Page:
Flashback to 2013, I was sitting in an adolescent health class feeling insecure and inadequate as a young graduate student at just 22 years old. My professor started to play a TedTalk titled “The Power of Vulnerability.” I listened as Brene Brown, celebrity social worker and storytelling extraordinaire, discussed how vulnerability is core to fear, shame, and worthiness, but also that it is the root of joy, creativity, and belonging. Her message both challenged me and resonated with me for the juxtaposition and clarity it provided. Through the years I have come to love Brene Brown and look to her as a member of my “brain trust” (more on that later). She tells me the things I know deep down but sometimes have trouble unearthing, things like: it is okay to be vulnerable, do not be afraid to dare greatly, and, most recently, be brave. Easier said than done, right?
I had the great honor of seeing Brene Brown give the keynote address at HubSpot’s Inbound 2017 this September. True to her signature style, she challenged me to be brave and not to fear belonging. Her message was simple: “when you show up and be your authentic self, you belong.” In today’s cultural and political climate it can be difficult to stand up for our beliefs, especially when we fear that those beliefs make us an outsider.
Our quest should not be to fit in or be liked, but to find the courage to sometimes stand alone. Moreover, we need people to turn to when we feel fearful or need a shot of courage – these are the members of our brain trust. These are people we admire, alive or dead, whether we know them personally or not, who can provide guidance and encouragement when we need it most. For Brene, her brain trust includes Ken Burns and Oprah Winfrey. Mine includes Michelle Obama, Robert Kennedy, and Brene Brown, among others. According to Brene, belonging is not something you negotiate with other people, and the people with the highest sense of belonging are the least afraid of standing alone or feeling like an outsider. True belonging is feeling comfortable being your most authentic self. These are the types of brave, unapologetically authentic people that are a part of my brain trust; they are the role models that inspire me to stand up to injustice, even when I feel alone and afraid.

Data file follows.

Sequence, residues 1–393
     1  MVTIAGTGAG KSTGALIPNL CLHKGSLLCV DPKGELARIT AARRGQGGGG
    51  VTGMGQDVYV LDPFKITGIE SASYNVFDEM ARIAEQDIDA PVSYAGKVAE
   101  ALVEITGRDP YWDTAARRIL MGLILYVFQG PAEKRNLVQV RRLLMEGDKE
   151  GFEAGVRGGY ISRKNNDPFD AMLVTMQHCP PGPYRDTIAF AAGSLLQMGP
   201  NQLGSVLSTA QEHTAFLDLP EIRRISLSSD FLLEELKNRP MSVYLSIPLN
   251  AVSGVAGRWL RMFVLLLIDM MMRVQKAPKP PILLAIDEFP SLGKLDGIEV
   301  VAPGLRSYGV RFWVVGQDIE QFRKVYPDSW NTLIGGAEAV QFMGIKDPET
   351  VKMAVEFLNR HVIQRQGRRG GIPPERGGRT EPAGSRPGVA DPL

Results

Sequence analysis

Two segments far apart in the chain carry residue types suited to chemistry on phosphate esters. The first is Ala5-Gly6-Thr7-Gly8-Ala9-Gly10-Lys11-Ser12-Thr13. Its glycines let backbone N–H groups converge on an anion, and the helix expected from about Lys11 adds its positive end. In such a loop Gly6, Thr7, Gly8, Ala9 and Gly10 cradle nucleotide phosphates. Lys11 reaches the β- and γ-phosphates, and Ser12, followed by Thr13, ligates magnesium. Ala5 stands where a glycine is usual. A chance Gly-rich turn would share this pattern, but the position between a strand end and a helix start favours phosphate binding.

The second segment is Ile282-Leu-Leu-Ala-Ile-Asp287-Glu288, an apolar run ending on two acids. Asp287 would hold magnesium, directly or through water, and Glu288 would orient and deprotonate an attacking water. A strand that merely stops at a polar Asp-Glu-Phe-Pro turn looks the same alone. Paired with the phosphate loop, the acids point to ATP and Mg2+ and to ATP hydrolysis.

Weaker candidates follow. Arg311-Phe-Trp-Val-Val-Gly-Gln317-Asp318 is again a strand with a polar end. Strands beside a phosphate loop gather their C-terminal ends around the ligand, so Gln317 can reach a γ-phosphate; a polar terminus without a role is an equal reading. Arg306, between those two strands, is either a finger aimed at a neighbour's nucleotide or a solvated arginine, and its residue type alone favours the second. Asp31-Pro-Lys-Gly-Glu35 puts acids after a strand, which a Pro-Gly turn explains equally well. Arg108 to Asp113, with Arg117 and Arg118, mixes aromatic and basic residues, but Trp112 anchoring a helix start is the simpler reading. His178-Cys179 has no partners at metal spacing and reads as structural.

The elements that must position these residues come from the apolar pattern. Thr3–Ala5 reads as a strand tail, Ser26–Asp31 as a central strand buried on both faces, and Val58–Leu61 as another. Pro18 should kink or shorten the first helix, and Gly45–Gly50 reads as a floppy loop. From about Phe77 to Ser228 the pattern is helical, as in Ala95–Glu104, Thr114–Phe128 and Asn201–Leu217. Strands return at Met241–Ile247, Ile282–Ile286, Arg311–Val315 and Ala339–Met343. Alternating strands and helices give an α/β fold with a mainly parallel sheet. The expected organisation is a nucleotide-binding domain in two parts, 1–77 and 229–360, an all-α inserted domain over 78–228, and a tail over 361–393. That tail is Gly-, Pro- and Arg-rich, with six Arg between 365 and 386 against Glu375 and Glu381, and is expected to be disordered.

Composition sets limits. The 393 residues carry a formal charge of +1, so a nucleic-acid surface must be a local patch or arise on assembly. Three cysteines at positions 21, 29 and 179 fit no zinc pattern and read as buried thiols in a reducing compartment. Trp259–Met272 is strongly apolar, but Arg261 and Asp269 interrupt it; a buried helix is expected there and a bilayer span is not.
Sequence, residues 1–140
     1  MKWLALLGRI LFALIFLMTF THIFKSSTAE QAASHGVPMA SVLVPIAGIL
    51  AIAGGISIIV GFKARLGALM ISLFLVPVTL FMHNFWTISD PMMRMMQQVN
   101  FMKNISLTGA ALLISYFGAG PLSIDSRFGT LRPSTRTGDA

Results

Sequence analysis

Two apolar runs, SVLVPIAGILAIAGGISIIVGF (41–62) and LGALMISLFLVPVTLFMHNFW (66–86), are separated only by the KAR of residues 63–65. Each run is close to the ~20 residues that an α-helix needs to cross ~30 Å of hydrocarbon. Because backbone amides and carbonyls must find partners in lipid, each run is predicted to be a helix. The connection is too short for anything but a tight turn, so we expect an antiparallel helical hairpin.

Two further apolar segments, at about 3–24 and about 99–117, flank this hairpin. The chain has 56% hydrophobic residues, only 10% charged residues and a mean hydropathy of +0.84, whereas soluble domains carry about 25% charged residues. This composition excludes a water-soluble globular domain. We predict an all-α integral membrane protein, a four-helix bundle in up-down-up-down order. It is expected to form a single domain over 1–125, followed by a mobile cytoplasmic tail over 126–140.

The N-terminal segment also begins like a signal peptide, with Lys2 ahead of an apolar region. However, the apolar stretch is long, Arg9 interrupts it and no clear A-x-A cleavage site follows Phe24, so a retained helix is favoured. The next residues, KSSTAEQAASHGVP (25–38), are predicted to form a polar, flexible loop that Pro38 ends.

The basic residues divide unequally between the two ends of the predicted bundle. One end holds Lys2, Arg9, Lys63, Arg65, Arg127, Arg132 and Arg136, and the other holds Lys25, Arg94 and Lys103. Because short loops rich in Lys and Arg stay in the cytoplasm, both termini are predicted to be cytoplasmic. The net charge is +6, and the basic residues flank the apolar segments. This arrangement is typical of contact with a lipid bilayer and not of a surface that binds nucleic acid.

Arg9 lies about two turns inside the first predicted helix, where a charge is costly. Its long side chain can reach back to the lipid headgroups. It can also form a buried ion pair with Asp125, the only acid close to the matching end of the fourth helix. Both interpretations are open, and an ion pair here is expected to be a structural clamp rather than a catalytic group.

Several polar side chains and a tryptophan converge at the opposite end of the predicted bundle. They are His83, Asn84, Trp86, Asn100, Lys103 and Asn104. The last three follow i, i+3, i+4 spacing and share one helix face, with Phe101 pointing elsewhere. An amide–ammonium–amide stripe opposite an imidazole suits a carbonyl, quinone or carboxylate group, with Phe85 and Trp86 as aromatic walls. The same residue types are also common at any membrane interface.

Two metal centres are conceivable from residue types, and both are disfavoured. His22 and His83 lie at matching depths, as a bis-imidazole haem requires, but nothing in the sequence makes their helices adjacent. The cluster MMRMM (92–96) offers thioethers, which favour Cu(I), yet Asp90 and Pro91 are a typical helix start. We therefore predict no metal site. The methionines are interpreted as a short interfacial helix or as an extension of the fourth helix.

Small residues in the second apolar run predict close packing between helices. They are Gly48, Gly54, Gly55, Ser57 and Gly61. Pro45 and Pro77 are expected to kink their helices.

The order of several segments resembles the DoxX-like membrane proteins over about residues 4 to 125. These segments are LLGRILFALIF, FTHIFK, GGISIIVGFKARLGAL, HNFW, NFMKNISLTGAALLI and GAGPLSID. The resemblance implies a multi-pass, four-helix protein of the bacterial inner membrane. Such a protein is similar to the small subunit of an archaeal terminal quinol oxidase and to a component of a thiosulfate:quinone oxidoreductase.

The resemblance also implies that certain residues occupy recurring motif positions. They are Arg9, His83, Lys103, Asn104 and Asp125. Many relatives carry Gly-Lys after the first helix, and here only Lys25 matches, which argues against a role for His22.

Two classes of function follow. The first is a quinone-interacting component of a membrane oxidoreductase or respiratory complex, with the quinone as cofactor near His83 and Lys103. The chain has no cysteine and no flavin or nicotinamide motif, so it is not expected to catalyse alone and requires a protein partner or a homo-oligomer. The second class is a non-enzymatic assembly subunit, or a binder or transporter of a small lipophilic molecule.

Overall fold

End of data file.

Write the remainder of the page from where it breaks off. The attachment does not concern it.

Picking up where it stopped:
Now and again I find myself whispering, “just dare greatly.” Whether this means asking difficult questions, acknowledging when I do not know something, or going out on a limb for something I am passionate about, I imagine Brene and the rest of my brain trust there with me. This was also true when during her keynote, Brene asked the entire audience to stand up and turn toward one another to belt “American Pie” by Don McLean. The walls of vulnerability melted away and we joined together in song, albeit off-key.
I guess I am not so alone in this quest to be brave after all. That vulnerability TedTalk has gone on to be one of the top five most viewed TedTalks of all time with over 31 million views. That Inbound conference? I sat in a sea of 10,000 people, mostly from the corporate sector, who stood to give Brene a standing ovation. My takeaway is this: in order to be brave and find belonging, we must first allow ourselves to be vulnerable. It is here, outside of our comfort zones, but deep within ourselves, that we will find the strength to move mountains.